For practical uses you will hardly use that approach, instead you will probably have a process that writes data in a memory bank where memory locations represent pixels and all together form an image.
Another, concurrent, process will read sequentially the memory bank and use the content to drive the color components.
Technically this means one process will write in some random location L(x1,y1) while another will read from L(x2,y2) at the same time.
If the two processes can use separate ports, the problem is solved!

Note : I cannot compare the quality of Altera's documentation with the one provided by competitors since I only used Altera's when dealing with FPGAs, I can only say it is GREAT.
There is a ton of useful documentation, examples, tutorials, online training etc available on the Altera website.

Here I found an example implementation of a true dual port memory block :

module true_dp_ram (
address_a,
address_b,
clock,
data_a,
data_b,
rden_a,
rden_b,
wren_a,
wren_b,
q_a,
q_b);

input [3:0]  address_a;
input [3:0]  address_b;
input clock;
input [12:0]  data_a;
input [12:0]  data_b;
input rden_a;
input rden_b;
input wren_a;
input wren_b;
output [12:0]  q_a;
output [12:0]  q_b;

[...]

As you can see this example implements two 4 bits addresses, two separate 13 bits inputs and two 13 bits outputs.
Additional inputs are the clock (RAM needs one) and the read enable / write enable for each port.
How cool is that?!!

Obviously you can trim down your requirements and work with a simpler 1 Port interface if this is ok with your design.

Once you create a memory block, you can specify an initialization file in Quartus II, meaning that your memory could be populated at reset.
Problem is that to actually test if the memory works, we need to provide some kind of output, so we will use in our first example just a few LEDs which will represent the bits of the memory locations we will scan (slowly, so we can see them change).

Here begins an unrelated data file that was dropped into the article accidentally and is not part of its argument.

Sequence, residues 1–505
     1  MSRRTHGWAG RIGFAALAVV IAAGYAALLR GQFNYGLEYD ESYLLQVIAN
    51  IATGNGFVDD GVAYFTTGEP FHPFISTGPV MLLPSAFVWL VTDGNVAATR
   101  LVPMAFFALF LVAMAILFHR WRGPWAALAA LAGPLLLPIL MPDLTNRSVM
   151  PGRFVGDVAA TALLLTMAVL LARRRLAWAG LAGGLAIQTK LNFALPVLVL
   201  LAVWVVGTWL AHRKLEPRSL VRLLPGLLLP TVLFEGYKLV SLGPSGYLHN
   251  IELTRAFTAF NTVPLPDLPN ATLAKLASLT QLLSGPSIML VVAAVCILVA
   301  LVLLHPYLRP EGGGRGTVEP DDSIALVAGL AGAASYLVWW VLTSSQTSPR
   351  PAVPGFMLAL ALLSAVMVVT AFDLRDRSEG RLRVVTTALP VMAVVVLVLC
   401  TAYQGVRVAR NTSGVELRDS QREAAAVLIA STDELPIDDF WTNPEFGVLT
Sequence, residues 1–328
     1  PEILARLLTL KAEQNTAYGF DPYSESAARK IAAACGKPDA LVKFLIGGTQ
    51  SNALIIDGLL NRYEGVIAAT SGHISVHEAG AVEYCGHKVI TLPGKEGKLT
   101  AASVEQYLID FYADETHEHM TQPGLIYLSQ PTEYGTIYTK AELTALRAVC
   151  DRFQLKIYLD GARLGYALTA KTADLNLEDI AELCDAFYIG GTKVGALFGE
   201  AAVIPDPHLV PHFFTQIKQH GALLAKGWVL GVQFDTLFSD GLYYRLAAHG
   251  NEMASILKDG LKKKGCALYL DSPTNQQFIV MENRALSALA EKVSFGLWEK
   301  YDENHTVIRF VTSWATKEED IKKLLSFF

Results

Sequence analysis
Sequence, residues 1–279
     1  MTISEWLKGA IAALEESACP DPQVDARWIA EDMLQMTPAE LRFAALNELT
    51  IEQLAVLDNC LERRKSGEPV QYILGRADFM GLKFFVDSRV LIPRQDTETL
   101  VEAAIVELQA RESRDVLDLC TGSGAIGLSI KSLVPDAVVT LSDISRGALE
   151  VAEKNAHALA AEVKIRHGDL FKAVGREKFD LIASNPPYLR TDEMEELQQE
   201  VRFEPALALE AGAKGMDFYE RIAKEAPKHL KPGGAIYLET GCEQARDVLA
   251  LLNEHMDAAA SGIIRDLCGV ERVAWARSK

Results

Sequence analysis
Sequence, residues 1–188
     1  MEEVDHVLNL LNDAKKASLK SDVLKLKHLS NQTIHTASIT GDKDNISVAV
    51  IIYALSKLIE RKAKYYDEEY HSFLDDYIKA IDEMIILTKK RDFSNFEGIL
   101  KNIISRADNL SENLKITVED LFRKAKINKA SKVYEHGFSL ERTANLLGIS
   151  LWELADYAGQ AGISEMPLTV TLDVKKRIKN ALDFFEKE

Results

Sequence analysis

A common way to provide init data is through a MIF file, follow this link to see the specs.

The MegaWizard plugin manager comes handy here :


A simple 1 Port ram here, for this test


I am planning to use 4 LEDs to output the values, so it is handy to have 4 bits wide words, I chose an arbitrary length of 32, should be more than enough to verify my pattern.


Finally I created a MIF file and loaded it here (it is possible to update it later, even without recompiling the project).

The result is a new module which looks like this :

module ram_module (
address,
clock,
data,
wren,
q);

input [4:0]  address;
input clock;
input [3:0]  data;
input wren;
output [3:0]  q;
[...]

As you can see it created a 5 bit address (we have 32 locations), and two registers for input and output, 4 bit wide each as requested.
Wren will be used to write data, meaning that for this initial test it will not be used at all (so ROM memory would have produced the same result after all :) )

Ok, so now we need a top module that cycles the ram buffer and outputs the content to the leds.

module m9ktest_top(leds ,clock, reset );

output reg[3:0] leds;
input clock;
input reset;

reg  write;
reg [4:0] addr;
reg [3:0] datain;
wire [3:0] dataout;
reg ramclk;


// instantiate and connect the ram buffer

ram_module buffer
(
.address(addr),
.clock(ramclk),
.data(datain),
.wren(write),
.q(dataout)
);

reg [31:0] counter; //24 bits would have been enoguh
wire CounterMaxed = (counter==32'hFFFFFF);

always @ (posedge clock or negedge reset)// on positive clock edge
begin 
 if (!reset)
 begin // initial conditions
  addr <= 5'b0;
  ramclk <= 1'b0;
  counter <= 32'h0;
  write <= 1'b0;
end else if(CounterMaxed)
begin
 counter <= 32'b0;